Operation Pitting: New medal will honour Kabul evacuation heroes
The Operational Service Medal Afghanistan has its own distinctive clasp and will be awarded to Royal Navy, British Army and Royal Air Force personnel.
Armed Forces personnel deployed to support the evacuation from Afghanistan in August 2021 will receive special medals for their contribution.
The Operational Service Medal Afghanistan, with its own distinctive clasp, will be awarded to members of the Royal Navy, British Army and Royal Air Force for their efforts in Operation Pitting.
Armed Forces Minister James Heappey told Forces News “service personnel who served five consecutive days in Kabul, or aircrew who were involved in three or more sorties, will receive the operational service medal with an Op Pitting clasp”.
Mr Heappey also said that while it was a “departure from normal medal policy”, Operation Pitting was “exceptionally deserving”.
“There’s a tendency amongst my generation and those who are slightly older than me, who served in an Army where Iraq and Afghanistan was a guaranteed medal,” he said.
“Plus, for many people, various missions to the Balkans, Sierra Leone, it was perfectly possible to serve for 10 years and finish up with five or six medals.
“The reason to award the Pitting medal is not just to give some people something to put on their chest, people who served in Kabul, in my view, served a six-month tour compressed into two weeks in terms of the intensity of what they dealt with.”
Operation Pitting was the largest humanitarian aid operation in more than 70 years, the Ministry of Defence said.
More than 1,000 troops, diplomats and officials were dispatched to Afghanistan to rescue UK nationals and Afghan allies after the country’s capital fell to the Taliban – airlifting more than 15,000 people to safety in just over a fortnight.
The mission became the biggest airlift in Royal Air Force history.
Op Pitting personnel organised the evacuation of British nationals and eligible Afghans from Afghanistan following the Taliban takeover (Picture: MOD).
The Prime Minister said: “I’m delighted that Her Majesty The Queen has given permission for a special medal to be awarded to all those who deployed to Kabul, to honour their heroism in the face of extreme adversity.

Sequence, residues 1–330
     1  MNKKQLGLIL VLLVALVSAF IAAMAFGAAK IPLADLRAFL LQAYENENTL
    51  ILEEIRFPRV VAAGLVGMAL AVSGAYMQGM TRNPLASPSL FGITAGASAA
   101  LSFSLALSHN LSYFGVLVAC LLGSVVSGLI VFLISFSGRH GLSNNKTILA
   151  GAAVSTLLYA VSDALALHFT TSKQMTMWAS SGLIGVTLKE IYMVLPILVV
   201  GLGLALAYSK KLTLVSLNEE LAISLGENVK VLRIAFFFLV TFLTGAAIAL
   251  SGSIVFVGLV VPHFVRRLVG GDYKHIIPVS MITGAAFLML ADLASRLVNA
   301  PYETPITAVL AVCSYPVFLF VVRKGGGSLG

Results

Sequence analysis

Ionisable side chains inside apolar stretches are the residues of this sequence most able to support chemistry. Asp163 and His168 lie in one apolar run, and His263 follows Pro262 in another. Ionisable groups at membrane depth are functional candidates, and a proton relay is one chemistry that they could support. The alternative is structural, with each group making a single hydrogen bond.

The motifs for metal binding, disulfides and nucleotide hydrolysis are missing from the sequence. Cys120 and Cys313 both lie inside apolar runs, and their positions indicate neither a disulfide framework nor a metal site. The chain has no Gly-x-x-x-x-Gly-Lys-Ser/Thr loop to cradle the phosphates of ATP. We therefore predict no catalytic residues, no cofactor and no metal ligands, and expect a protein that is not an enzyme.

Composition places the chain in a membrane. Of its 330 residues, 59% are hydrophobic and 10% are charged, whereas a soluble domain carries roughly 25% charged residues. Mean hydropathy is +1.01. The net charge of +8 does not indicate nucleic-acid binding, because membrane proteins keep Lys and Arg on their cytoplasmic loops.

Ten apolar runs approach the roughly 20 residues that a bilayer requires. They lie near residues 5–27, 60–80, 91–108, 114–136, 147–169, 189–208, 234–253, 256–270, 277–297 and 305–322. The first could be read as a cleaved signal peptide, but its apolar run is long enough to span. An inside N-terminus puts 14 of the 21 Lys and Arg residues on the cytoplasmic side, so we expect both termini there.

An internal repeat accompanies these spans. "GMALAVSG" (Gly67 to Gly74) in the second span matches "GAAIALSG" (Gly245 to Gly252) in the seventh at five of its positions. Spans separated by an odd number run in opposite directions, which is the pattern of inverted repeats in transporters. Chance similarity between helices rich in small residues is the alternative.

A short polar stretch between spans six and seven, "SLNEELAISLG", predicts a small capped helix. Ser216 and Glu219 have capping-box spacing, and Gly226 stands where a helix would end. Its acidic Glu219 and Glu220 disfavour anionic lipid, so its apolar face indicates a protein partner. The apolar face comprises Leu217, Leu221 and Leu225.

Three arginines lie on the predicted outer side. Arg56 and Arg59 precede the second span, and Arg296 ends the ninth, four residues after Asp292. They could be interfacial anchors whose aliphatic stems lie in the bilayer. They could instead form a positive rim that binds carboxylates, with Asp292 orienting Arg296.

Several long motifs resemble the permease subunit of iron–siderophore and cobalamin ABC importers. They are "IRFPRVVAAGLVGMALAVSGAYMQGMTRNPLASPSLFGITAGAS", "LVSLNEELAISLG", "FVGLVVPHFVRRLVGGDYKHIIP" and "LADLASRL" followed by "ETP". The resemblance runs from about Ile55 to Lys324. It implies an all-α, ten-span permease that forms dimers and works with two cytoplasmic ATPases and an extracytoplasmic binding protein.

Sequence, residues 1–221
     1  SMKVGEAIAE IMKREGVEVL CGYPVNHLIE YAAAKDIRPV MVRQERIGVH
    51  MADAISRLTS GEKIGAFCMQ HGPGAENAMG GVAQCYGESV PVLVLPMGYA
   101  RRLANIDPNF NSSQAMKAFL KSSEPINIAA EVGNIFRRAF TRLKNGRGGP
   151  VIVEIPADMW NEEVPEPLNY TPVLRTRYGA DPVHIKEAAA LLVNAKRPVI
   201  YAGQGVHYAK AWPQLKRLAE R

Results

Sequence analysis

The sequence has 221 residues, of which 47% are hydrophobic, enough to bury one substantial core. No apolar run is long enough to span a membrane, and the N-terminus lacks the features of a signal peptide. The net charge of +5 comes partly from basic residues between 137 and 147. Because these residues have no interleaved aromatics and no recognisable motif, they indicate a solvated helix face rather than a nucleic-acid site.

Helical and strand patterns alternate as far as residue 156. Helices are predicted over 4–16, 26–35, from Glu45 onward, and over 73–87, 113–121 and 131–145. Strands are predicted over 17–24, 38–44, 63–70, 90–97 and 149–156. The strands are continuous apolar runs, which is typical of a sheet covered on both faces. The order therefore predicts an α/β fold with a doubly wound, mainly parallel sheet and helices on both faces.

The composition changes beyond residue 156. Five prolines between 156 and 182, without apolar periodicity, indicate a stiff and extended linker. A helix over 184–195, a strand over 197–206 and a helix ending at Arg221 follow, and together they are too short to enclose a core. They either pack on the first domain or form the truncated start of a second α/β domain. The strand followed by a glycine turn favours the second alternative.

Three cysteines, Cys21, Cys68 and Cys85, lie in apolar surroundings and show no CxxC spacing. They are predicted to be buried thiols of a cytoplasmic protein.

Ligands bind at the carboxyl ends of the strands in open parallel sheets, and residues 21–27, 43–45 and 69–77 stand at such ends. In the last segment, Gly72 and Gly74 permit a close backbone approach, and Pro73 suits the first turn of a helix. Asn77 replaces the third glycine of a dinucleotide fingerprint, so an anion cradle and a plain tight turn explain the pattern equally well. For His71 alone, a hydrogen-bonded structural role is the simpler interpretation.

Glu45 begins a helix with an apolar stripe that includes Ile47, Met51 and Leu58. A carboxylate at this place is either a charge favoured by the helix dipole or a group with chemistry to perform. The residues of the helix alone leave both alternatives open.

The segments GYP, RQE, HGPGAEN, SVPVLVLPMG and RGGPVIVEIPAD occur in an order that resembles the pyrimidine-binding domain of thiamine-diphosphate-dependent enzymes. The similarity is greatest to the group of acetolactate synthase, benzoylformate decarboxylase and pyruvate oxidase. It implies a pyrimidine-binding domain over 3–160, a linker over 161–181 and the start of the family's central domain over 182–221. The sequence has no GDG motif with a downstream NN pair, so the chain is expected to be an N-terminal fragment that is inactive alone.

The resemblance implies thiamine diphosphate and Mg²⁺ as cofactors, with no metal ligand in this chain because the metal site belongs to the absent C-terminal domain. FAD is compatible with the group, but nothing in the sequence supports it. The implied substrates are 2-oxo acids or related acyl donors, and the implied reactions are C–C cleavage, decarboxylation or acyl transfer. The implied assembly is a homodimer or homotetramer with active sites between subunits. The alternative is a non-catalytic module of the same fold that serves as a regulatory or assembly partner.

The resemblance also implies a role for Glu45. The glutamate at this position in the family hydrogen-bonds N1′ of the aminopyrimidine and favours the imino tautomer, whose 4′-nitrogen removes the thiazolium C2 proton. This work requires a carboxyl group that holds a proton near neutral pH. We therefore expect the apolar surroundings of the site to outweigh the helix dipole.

A soldier feeds children as part of the operation (Picture: MOD).
“Operation Pitting will go down as one of the great achievements of our UK Armed Services and their civilian counterparts in the post-war era.”
He added: “The whole country can be immensely proud of their tireless work to bring men, women and children to safety. They represent the very best of us.”
Defence Secretary Ben Wallace said: “As the security situation worsened by the hour, our servicemen and women stepped up and delivered the largest British evacuation since the Second World War. They will rightly receive medallic recognition for their efforts.
“I would like to thank them, and all our service personnel, on behalf of the public and UK Government for safely evacuating endangered Afghans through some of the most desperate scenes imaginable. You have done us all proud.”
After Op Pitting’s completion, there were discussions over whether the personnel involved should receive medals for their role.
The Ministry of Defence said at the time, the awarding of medals, which would go against the precedent of eligible operations lasting 30 days, would require “lengthy consideration”.
The vast majority of voters in a Forces News poll believed personnel involved in Op Pitting deserved medals for their work.